Mexico’s murder rate up, official warns of ‘narcoterrorism’
MEXICO CITY (AP) — Mexico’s murder rate inched up 2% in the first 10 months of the year, but the latest violence has included much more brazen challenges to authorities.
Federal officials said late Wednesday there have been 29,414 homicides so far in 2019, compared to 28,869 in the same period of 2018.
But northern border cities like Ciudad Juarez and Nuevo Laredo have seen a constant round of drug gang blockades recently, with gunmen burning buses and trucks to block roads and bridges.
On Tuesday, one policeman was wounded and at least two blockades of burning vehicles were reported in Nuevo Laredo, across the border from Laredo, Texas. The blockades are used to prevent police and military units from pursuing suspects.
And in early November, drug gangs paid addicts in methamphetamines to burn cars, trucks and buses and kill people, in order to pressure authorities.
The governor of the border state of Tamaulipas, where Nuevo Laredo is located, said the gangs have committed acts of “narcoterrorism.”
Gov. Francisco Garcia said the gangs “have used civilians as human shields.”
“Their behavior is one of narcoterrorism. It’s a very serious issue,” said Garcia.
The recent violence has also touched areas previously considered peaceful.
For example, the popular ruin site of Monte Alban in the southern state of Oaxaca was forced to close for several hours on Tuesday because of a gunfight in a village near the archaeological site in which one man was killed and another wounded. That case apparently involved a land dispute rather than cartels.
And the victims of recent violence have also included U.S. citizens. In early November, cartel gunmen killed nine American women and children in the northern border state of Sonora.
President Andres Manuel Lopez Obrador said Thursday he would be willing to meet with relatives of the American victims, who belong to a dual-national community that has lived in Sonora and Chihuahua for decades.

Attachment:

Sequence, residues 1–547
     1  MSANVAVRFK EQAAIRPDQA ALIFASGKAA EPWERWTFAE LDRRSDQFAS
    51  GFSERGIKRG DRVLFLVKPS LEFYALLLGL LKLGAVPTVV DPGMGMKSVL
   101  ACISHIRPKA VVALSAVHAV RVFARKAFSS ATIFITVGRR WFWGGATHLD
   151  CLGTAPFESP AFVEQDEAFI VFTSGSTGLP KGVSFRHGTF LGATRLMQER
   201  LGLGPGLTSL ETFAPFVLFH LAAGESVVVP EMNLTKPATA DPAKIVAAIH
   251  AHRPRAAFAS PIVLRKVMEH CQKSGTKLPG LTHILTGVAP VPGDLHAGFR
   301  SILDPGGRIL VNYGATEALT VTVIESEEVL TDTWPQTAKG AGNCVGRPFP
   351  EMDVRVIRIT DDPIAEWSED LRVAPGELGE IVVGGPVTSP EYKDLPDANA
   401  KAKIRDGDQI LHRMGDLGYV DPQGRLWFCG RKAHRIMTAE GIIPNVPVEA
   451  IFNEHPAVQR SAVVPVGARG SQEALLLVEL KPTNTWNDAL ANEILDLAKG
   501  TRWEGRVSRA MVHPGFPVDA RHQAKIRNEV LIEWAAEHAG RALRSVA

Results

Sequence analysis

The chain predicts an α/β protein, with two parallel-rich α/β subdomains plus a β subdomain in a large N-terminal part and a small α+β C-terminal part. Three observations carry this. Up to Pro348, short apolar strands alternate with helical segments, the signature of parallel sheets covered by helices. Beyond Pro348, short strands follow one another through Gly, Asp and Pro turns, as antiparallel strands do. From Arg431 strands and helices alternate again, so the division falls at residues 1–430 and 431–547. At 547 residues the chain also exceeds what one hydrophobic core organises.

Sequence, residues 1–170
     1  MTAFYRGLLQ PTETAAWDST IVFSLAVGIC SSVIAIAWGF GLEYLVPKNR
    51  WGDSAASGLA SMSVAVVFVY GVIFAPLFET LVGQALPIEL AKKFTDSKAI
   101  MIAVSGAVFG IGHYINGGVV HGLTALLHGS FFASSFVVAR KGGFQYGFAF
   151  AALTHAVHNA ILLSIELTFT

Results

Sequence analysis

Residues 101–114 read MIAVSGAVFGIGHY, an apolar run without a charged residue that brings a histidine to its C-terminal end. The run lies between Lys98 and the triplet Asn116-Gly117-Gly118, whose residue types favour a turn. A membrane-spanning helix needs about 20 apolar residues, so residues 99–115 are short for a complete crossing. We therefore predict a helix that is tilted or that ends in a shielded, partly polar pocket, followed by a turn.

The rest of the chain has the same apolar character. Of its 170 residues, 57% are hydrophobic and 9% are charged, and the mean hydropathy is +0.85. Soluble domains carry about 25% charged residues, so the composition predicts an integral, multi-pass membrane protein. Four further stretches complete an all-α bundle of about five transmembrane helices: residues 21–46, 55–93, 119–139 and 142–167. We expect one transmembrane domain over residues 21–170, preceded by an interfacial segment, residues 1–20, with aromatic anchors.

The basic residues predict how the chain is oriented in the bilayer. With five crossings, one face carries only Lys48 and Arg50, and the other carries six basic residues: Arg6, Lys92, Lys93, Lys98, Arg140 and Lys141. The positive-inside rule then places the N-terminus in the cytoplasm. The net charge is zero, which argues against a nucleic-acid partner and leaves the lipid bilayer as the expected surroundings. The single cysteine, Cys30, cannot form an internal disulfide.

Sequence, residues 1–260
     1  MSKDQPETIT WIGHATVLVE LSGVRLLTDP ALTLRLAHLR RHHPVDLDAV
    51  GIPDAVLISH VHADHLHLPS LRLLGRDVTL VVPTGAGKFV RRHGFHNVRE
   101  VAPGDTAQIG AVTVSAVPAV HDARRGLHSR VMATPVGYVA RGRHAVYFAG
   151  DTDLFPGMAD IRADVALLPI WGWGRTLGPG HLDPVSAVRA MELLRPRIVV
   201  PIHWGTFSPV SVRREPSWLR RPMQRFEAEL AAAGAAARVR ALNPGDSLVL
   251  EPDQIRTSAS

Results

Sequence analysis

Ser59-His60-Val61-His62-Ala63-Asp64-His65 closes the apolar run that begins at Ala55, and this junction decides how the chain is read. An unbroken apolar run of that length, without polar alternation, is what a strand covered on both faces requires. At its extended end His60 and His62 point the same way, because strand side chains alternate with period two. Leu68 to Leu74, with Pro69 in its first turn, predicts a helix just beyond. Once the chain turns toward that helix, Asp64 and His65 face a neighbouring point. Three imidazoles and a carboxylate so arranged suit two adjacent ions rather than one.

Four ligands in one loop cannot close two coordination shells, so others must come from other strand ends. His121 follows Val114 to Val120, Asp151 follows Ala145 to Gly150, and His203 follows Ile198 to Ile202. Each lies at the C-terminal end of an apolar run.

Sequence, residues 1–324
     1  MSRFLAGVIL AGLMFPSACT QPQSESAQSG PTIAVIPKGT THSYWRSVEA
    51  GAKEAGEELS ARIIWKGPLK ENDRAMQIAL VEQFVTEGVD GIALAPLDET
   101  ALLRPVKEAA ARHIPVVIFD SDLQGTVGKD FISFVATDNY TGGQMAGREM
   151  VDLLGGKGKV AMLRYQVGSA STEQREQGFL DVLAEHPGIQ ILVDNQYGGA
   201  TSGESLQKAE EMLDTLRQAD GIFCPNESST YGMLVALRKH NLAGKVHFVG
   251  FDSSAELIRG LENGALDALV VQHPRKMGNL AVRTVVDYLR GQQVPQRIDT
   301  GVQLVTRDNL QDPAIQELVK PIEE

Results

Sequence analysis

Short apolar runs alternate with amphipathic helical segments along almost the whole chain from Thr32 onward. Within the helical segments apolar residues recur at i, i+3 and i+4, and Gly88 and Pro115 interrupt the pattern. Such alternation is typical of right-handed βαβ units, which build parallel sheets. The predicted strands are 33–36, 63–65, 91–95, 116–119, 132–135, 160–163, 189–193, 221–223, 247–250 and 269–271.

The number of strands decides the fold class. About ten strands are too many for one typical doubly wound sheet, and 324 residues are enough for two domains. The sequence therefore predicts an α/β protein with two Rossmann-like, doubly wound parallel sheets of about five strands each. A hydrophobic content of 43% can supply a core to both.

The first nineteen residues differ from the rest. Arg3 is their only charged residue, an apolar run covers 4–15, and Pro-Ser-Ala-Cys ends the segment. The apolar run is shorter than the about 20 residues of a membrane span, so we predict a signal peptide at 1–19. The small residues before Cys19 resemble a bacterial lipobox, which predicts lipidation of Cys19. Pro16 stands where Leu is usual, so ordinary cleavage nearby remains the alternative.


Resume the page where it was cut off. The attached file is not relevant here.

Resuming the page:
But he warned the families that he preferred to meet only with them, and said he hoped they wouldn’t come with anti-crime activists.
“It would be better, much better, if this didn’t get mixed up with the opportunism that breaks out after such regrettable events,” Lopez Obrador said. The president has angrily rejected any criticism of his security policy, even after he ordered the army to back down and release a top drug suspect. He has refused to meet with prominent anti-crime activists like Javier Sicilia, claiming they are part of a “conservative” opposition to his policy.
The president argued his administration had managed to “stabilize” the rise in killings, which early in the year had been growing by double-digit percentages.
“This is the issue that most concerns us, the issue of public safety,” said Lopez Obrador, adding, “It is also the issue that most concerns the public.”
But he stuck to his policy of reducing violence “without the use of force, because that is the new security policy we are putting in practice: not to fight violence with violence.”
In a book published this week, Lopez Obrador argued that his administration was doing better than his predecessors, at least in terms of saving the lives of military personnel.
In the first 11 months of his administration — which started Dec. 1, 2018 — only 14 soldiers and marines had died in confrontations, compared with an average of 51 per year between 2010 and 2012.
However, critics say that is because Lopez Obrador has largely ordered the military to avoid confrontations with drug gangs and other criminals.
Lopez Obrador argued that the armed forces were acting with greater respect for human rights, detaining more suspects uninjured, and killing and wounding fewer under his administration.